Trial related presentations / publications
Knowles, S.R., Nelson, E.A., Castle, D.J., Salzberg, M.R., Choong, P.F.M. & Dowsey, M.M. (2016). Using the common sense model of illness to examine interrelationships between symptom severity and health outcomes in end-stage osteoarthritis patients. Rheumatology, 55, 1066-1073.
Public notes
This trial is now closed

Contacts
Principal investigator
Name 33383 0
Prof Peter Choong
Address 33383 0
Department of Orthopaedics, St Vincent?s
Hospital (Melbourne), PO Box 2900, Fitzroy, Melbourne, Vic. 3065, Australia
Country 33383 0
Australia
Phone 33383 0
+61 3 9231 3980
Fax 33383 0
+61 3 9416 3610
Email 33383 0
pchoong@unimelb.edu.au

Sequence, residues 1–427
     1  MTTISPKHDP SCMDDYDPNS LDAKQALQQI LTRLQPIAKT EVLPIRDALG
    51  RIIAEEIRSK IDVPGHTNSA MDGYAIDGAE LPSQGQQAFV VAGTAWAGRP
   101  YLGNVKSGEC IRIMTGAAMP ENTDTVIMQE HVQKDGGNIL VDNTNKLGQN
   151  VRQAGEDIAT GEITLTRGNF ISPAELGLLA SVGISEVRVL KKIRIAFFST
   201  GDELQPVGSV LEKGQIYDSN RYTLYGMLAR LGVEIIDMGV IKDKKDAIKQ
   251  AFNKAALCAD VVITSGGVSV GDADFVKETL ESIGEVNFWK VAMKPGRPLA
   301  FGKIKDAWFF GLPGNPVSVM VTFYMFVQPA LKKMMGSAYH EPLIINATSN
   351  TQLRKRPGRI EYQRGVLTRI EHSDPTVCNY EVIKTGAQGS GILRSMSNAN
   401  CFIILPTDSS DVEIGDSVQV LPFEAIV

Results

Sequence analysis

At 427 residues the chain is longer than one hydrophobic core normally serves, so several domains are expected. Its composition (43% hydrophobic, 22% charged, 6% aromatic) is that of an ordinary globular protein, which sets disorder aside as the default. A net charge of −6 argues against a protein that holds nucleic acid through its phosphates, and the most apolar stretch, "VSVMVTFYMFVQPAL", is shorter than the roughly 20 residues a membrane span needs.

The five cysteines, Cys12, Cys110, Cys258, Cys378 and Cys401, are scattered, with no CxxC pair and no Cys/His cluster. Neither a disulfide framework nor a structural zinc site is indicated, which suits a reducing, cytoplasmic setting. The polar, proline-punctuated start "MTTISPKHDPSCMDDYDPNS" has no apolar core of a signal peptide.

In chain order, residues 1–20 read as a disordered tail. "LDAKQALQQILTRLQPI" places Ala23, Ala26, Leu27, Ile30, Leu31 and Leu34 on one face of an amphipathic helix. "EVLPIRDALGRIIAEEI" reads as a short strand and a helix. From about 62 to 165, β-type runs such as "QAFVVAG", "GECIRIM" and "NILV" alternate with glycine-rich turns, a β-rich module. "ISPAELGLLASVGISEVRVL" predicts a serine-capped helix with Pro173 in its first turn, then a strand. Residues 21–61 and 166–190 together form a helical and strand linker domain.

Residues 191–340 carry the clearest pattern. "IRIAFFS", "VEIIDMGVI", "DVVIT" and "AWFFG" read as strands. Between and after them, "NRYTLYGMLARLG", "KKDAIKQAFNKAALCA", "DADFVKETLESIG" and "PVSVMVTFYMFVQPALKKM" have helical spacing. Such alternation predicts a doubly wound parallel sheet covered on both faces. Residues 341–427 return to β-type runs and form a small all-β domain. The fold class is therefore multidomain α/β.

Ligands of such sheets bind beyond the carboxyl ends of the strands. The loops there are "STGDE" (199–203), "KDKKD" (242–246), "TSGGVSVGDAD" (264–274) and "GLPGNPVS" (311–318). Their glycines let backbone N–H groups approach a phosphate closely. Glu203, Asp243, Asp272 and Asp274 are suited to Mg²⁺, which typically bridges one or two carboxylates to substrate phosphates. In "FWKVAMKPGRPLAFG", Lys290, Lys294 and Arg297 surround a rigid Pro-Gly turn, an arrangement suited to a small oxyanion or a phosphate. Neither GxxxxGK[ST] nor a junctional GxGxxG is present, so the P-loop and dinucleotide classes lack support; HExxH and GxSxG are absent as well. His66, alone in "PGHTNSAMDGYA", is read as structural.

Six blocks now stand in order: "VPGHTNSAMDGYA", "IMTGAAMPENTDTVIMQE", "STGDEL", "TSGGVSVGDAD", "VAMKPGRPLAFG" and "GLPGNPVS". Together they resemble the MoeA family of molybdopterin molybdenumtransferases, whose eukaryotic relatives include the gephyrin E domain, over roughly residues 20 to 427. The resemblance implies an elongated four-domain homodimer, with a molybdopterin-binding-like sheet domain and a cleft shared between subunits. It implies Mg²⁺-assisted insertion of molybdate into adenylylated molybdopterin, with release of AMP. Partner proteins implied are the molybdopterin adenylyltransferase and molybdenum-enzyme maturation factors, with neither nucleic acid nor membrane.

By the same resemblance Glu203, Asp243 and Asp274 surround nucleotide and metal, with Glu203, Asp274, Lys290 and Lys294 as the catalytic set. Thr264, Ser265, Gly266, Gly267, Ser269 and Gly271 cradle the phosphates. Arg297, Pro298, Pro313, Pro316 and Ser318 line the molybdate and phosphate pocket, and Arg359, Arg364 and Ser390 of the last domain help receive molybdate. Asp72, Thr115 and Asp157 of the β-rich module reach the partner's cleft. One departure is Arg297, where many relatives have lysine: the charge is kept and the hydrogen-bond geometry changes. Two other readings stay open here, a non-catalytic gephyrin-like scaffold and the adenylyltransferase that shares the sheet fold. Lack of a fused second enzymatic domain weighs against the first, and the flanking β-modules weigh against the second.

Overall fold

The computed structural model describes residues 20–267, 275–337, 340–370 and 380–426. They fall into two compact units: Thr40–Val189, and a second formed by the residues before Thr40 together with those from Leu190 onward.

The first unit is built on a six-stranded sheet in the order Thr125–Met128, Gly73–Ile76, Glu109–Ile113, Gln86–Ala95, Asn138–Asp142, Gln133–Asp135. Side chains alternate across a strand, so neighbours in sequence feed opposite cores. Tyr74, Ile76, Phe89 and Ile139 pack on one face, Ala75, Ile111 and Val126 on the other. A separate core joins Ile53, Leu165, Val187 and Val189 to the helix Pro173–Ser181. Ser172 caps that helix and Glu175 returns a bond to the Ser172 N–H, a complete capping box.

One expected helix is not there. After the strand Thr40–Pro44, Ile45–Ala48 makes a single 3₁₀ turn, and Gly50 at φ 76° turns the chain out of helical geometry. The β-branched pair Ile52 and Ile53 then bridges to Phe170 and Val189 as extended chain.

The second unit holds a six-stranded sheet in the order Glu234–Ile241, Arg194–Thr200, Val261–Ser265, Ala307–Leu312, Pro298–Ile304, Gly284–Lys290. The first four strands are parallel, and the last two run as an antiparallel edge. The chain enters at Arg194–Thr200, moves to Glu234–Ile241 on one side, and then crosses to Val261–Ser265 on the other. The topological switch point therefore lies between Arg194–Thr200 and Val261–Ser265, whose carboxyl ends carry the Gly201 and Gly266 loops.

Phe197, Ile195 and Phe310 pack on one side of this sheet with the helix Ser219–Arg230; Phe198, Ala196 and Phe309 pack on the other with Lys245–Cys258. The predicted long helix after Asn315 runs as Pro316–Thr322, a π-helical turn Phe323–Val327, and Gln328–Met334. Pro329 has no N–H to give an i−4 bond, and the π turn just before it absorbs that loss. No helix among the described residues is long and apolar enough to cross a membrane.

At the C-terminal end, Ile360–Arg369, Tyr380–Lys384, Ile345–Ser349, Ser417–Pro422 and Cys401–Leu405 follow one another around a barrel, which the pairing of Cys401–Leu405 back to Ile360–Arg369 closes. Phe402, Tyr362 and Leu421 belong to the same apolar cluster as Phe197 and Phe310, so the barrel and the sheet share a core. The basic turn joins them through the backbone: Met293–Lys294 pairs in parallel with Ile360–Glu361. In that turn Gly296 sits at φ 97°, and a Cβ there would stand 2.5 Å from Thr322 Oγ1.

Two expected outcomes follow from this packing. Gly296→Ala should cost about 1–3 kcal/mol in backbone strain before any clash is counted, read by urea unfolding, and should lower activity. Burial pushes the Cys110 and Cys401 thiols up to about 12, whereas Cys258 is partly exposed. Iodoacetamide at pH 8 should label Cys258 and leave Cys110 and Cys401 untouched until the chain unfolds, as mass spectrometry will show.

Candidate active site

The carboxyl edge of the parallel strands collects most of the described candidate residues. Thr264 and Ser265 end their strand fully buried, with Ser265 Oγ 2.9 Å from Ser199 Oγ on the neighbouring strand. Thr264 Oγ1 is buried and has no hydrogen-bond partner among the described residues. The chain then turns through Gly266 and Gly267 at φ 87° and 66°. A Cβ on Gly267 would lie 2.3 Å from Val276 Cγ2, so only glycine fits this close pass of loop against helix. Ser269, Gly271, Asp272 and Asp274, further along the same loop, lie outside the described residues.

Contact person for public queries
Name 16630 0
Dr Michelle Dowsey
Address 16630 0
St. Vincent's Hospital (Melbourne)
Department of Orthopaedics
Level 3 Daly wing
35 Victoria parade
Fitzroy 3065
Victoria
Country 16630 0
Australia
Phone 16630 0
+61 3 9231 3955
Fax 16630 0
+61 3 9416 3610
Email 16630 0
mmdowsey@unimelb.edu.au
Contact person for scientific queries
Name 7558 0
Dr Elizabeth Nelson
Address 7558 0
St. Vincent's Hospital (Melbourne)
Department of Orthopaedics
Level 3 Daly wing
35 Victoria parade
Fitzroy 3065
Victoria
Country 7558 0
Australia
Phone 7558 0
+61 3 9231 3516
Fax 7558 0
+61 3 9416 3610
Email 7558 0
elizabeth.nelson@svha.org.au

Data sharing statement
Will individual participant data (IPD) for this trial be available (including data dictionaries)?
No
No/undecided IPD sharing reason/comment
Reasonable requests for patient level data should be made to the corresponding author